James: [00:05:32] It really does! And I think it’s a fantastic perspective to say that well, let’s make sure that the kids have a really good day too.

I mean if you want kids at your wedding, It’s also pretty cool to make sure they have a really, really good time. 

Michelle: [00:05:47] I’m unashamedly in the kids camp! Prior to the booking, my clients are the adults. Their needs are priority. But when you put me and my staff in a room with the children, unashamedly, they are my number one priority. And not the adults, who I’m sad to say cannot come and play in the creche. Even though they’d quite like to be in the room with us. I’m saying no. Sorry! It’s not happening! 

James: [00:06:21] So actually from the perspective of being a new parent myself right now I’m having all these new ideas. 

Michelle: [00:06:29] I’ve heard about your new baby. How old is he now? 

James: [00:06:31] He’s six months. So if we went to a wedding, I would be, let’s say, not apprehensive, but I would be alert or aware about handing my child off to basically a complete stranger, at a wedding. Now in that kind of scenario what assurances could the bride and groom provide to their guests beforehand, to say it really is above board and you know, we’ve booked with the best people. 

Michelle: [00:06:59]

I think there needs to be more sharing who you’ve booked, so that we are approachable by everybody. I would not be upset if one of the family of my clients wanted to get in touch and ask me questions.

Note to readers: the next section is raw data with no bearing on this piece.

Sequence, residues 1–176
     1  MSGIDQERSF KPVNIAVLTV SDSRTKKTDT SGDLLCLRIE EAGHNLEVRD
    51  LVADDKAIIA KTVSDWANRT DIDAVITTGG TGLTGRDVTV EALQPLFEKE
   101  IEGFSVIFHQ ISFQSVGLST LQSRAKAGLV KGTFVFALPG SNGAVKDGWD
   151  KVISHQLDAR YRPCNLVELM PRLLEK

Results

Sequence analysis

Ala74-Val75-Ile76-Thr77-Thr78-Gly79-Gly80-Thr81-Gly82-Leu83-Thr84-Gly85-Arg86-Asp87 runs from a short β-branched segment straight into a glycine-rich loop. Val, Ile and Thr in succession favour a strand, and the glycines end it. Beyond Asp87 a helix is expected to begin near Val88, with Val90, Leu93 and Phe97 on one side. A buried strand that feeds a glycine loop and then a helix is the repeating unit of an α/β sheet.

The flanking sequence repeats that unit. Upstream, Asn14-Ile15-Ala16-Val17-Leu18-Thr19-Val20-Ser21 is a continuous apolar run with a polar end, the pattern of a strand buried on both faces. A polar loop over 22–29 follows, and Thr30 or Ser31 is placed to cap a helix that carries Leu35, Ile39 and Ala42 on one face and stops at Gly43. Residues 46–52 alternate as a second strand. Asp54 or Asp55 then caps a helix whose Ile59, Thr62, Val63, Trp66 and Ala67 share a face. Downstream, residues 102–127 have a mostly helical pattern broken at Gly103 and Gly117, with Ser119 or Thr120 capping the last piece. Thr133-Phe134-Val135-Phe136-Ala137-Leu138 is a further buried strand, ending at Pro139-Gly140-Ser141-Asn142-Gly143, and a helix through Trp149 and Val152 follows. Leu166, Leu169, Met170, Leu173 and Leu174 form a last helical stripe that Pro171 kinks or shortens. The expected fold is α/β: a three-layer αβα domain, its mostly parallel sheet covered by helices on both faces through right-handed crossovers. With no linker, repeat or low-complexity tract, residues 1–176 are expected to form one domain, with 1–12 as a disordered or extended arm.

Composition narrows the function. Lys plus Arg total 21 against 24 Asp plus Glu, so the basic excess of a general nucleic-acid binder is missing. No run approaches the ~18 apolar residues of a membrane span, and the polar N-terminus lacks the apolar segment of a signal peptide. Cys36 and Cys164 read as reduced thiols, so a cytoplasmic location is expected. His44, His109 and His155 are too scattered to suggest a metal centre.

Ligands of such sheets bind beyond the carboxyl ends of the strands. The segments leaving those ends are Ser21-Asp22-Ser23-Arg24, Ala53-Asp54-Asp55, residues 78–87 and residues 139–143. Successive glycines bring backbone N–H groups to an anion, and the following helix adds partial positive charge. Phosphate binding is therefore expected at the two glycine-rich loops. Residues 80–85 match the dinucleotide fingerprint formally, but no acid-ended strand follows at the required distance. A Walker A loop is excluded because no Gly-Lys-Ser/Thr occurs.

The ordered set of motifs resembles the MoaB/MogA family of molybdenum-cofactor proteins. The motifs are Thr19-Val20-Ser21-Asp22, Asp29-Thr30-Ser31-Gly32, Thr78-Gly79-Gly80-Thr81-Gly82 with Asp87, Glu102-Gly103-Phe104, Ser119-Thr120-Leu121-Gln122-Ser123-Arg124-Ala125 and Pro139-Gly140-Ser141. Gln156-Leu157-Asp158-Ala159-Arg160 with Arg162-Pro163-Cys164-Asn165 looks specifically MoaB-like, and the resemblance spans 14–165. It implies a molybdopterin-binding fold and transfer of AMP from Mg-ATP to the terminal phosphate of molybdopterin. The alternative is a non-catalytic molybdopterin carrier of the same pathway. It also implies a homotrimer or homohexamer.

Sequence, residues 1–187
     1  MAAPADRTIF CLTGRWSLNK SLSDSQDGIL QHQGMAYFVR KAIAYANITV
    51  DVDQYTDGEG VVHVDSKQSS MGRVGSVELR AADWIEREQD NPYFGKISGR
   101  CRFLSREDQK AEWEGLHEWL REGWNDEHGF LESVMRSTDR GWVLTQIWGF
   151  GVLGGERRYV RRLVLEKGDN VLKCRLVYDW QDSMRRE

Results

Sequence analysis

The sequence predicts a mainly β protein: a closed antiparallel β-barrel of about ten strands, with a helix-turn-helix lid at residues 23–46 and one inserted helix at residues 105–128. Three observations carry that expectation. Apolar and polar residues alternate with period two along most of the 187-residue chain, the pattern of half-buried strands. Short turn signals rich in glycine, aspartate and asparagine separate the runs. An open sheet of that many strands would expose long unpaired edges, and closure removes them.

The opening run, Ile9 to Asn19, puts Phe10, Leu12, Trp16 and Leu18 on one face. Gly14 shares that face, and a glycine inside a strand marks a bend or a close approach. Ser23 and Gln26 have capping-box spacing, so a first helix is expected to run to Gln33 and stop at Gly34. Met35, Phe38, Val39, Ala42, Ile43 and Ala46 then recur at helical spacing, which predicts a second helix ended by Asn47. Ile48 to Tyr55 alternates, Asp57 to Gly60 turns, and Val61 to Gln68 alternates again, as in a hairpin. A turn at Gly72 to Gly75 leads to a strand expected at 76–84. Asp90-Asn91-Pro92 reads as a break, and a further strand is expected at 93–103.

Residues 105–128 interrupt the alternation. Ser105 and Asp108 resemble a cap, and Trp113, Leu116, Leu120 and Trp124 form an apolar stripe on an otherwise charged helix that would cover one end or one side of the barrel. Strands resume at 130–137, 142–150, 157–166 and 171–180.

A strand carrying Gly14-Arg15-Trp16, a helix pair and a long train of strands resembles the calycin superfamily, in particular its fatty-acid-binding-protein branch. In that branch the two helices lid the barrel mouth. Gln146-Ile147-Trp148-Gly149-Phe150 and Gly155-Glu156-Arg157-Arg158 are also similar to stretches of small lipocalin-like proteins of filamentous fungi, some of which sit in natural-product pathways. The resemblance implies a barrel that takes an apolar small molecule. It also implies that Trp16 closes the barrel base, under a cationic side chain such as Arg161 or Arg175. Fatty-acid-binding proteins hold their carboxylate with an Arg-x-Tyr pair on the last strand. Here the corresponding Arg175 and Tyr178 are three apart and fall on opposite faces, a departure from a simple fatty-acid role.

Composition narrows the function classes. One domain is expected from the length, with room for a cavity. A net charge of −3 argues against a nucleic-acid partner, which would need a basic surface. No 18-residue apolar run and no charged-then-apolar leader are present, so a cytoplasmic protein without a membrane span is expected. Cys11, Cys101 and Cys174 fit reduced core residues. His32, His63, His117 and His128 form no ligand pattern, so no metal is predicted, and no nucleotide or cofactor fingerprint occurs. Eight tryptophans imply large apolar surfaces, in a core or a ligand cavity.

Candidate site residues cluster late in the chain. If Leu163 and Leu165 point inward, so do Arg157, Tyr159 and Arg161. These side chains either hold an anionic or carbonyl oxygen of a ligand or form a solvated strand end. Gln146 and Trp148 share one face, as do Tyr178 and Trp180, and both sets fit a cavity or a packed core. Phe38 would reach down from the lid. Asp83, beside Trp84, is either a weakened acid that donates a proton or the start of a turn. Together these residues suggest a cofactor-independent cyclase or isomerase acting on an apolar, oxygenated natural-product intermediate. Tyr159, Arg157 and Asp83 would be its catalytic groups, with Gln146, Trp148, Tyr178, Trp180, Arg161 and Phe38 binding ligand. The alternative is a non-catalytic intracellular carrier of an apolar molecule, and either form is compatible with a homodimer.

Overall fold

But that doesn’t seem to happen so much. And while I do have registration forms with my details on, I think it would be better if people could get in touch with me to ask me questions, so they can discover that they haven’t just hired a local teenage babysitter. This is a company that has reviews and feedback and has operated for, well, I’m celebrating my 12th birthday on Monday, so we’ve been doing this for years. So yeah I think it’s good for parents to be able to get in touch with me, but we don’t seem to have that process yet. But yeah I understand. And you don’t want parents to feel bamboozled when separating from their children. It shouldn’t be as negative as it is. Having time off from your child. You shouldn’t be sat there drinking champagne wondering if your child is diving headfirst, you know off a table or something like that. 

James: [00:08:28] I think you said basically your accreditations and your massive history, all on your website, says it all really doesn’t it? That’s putting the kids in a very safe place.